The pandemic has showed us that we can take down old paradigms whenever we want (or, some would argue, when we must). This is a great paradigm to take down. It removes costs from the cost model and allows *most* employees to be happier in their own happy places. Maybe I'm naive but I'd like to think that translates to better retail and hopefully flat to slightly cheaper retail. I think I'd want to see REI and other retailers/companies take the next step which is to help with changing zoning laws so those great big buildings become mixed usage locations.
  • Posted on: 07/07/2020

    Macy’s plans for the Christmas rush

    This is a crystal ball answer. The pandemic is going to drive what happens. I think retailers owe it to themselves and to the public to try and mitigate crowds by encouraging steady purchasing online. This might mean hosting events that get online audiences thinking about special events earlier, or creating "special" buy moments but it represents a chance for retailers to steady out their business rather than wait for one special day that may or may not happen.
  • Posted on: 07/02/2020

    Do Americans want retailers to keep their social distance after COVID-19 is gone?

    I think the pandemic has accelerated what consumers have wanted and given retailers the reason to invest in change. For areas where online shopping/online research can make the consumer journey easier and equally as rewarding, I think consumers made the leap and love it. Retailers have had to change too, and we're just at the beginning of how this changes the entire customer journey. Don't get me wrong - in-store retail will never go away, and there is something to be said for real versus virtual shopping, but those categories are going to keep shrinking.
  • Posted on: 06/24/2020

    Getting your associates ready to reopen stores

    I think being clear in communication and over-communicating will be critical during this time. One consistent theme throughout watching COVID-19 happen throughout the world is governments, groups, and individuals struggling to articulate how people should be conducting themselves during this crisis. Retail staff are going to be dealing with all manner of people, so keeping expectations and guidelines clear is going to be really important.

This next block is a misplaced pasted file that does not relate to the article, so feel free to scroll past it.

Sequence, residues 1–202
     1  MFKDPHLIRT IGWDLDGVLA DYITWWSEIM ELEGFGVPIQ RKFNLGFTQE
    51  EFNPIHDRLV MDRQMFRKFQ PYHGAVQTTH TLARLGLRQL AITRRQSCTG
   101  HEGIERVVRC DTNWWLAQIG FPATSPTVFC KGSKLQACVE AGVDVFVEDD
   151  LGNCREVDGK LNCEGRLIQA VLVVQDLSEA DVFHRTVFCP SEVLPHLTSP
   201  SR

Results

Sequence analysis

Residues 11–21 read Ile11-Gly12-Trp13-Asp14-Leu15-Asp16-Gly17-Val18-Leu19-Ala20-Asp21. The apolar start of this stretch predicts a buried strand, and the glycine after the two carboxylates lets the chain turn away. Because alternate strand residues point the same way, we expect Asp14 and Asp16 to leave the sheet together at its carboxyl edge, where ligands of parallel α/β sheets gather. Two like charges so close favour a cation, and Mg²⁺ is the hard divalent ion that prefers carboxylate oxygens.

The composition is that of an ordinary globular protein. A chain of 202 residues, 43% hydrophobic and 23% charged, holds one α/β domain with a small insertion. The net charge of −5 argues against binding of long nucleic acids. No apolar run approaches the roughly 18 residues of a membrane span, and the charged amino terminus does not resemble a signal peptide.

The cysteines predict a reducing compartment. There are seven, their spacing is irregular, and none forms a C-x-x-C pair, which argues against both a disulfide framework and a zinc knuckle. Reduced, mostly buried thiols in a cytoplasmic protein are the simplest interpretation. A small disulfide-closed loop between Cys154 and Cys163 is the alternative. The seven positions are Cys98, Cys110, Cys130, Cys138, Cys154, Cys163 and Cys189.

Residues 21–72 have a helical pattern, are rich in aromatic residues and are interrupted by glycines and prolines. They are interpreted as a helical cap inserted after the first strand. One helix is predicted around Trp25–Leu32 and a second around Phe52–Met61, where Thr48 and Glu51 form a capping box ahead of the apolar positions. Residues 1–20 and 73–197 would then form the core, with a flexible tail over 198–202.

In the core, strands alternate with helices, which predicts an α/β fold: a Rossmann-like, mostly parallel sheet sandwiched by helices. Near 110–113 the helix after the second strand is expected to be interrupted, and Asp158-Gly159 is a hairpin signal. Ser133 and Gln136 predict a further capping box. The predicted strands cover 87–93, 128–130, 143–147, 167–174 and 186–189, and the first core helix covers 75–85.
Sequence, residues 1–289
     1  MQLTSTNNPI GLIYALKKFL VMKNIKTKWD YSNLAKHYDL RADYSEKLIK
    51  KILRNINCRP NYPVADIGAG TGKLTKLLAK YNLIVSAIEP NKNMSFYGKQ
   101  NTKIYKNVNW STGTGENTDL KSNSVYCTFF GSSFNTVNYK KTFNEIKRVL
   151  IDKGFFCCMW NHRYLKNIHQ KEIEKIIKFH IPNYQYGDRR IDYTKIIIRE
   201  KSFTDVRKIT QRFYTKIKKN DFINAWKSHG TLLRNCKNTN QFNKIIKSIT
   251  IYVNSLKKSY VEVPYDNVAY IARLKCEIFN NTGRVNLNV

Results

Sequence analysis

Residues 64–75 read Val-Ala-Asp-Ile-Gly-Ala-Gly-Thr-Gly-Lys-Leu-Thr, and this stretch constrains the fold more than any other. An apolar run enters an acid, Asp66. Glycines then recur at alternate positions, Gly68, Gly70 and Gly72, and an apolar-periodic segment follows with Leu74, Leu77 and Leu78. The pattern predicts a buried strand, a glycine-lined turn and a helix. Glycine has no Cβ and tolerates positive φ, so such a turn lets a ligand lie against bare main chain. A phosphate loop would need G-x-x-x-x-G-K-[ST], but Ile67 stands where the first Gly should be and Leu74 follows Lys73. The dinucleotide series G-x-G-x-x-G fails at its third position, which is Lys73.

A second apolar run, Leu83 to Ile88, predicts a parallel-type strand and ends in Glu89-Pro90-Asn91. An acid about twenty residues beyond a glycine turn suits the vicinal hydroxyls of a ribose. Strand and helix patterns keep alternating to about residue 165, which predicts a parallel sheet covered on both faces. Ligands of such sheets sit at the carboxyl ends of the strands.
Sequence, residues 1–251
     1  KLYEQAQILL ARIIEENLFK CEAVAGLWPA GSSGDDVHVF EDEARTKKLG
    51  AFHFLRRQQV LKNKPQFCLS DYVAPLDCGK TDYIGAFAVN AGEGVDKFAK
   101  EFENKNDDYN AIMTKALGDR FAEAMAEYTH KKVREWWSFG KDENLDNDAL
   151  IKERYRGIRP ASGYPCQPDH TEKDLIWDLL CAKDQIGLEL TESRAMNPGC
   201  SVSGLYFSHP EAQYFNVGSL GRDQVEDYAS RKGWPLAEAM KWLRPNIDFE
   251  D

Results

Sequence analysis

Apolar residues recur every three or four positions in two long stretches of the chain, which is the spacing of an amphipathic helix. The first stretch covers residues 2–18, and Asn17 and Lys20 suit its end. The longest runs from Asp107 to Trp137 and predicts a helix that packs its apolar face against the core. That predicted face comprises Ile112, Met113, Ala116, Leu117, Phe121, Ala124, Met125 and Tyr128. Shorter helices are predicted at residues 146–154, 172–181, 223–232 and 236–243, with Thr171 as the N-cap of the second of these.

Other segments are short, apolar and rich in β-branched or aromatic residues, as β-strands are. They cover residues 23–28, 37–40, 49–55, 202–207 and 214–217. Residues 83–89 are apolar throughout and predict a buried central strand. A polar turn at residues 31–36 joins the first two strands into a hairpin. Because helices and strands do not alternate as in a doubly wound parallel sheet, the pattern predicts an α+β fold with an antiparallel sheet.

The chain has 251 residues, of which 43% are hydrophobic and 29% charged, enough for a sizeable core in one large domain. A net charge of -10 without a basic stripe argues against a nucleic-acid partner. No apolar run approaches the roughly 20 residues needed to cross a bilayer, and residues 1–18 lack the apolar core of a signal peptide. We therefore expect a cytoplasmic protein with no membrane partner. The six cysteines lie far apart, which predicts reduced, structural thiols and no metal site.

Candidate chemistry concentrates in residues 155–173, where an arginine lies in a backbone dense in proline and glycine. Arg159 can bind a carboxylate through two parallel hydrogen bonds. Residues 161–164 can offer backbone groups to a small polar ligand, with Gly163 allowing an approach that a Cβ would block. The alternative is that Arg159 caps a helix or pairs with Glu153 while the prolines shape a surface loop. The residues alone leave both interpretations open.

• Posted on: 06/11/2020

    Can experiential retail go live and online?

    I hope so. Some of the breakthroughs that retail could never do alone (proliferation of video conferencing to start) has opened the doors to being able to stitch real world and online together. I'd love to see more virtual reality situations for better retail experiences — the closest thing to putting the product in a consumer's hands. I also think that live chat, whether it'd be typing or a conversation, helps to make more curated conversations that lead to consumer purchases. I think that our new consumer decision making process opens the door for curated pop-ups too that might overcome some of the issues that you'd have to overcome in a strictly brick and mortar world.
  • Posted on: 06/05/2020

    Will the post-COVID-19 world be less global?

    From my perspective, I think it's hard to have a single answer for this. For things like produce and food, I think that local movements will get stronger based on a shortage of labor and regional issues with COVID-19. (I think this is a good thing.) Trade with China is tricky - politics aside, companies will probably seek to find other places to manufacture goods but moving factories/manufacturing plants really isn't that easy and takes time to do. There are some things that I wonder if they're really moveable away from China, i.e. electronics. I think that the one global truth is, everything is going to get more expensive. First world countries have been living on cheap products for a long time, and that's about to change.
  • Posted on: 06/01/2020

    Is the REI/West Elm collaboration a win-win?

    Such an interesting way to expand what seems to be concentric circles of consumers. I like that they've give the collection reasonable entry price points and love the way they've blended REI and West Elm's brand looks on the collaboration page. I hope this goes well for both retailers.
  • Posted on: 05/28/2020

    Retailers focus on making safe spaces for customers and associates

    With regards to "new tricks," I've been talking about using "old tricks" to make the consumer shop easier. Bundle high-need items into a value bundles for consumers and make them very accessible. For example, my local grocery put together a summer garden vegetable bundle that sits in simple brown boxes right at the front entrance of the grocery store. This allows me to grab and go - helps limit my exposure to one portion of the store, makes for an easy experience and allows the grocery store to get one more person in/out faster. Simplifying the shop is going to make the consumer feel more confident about coming back, and help with traffic in the store.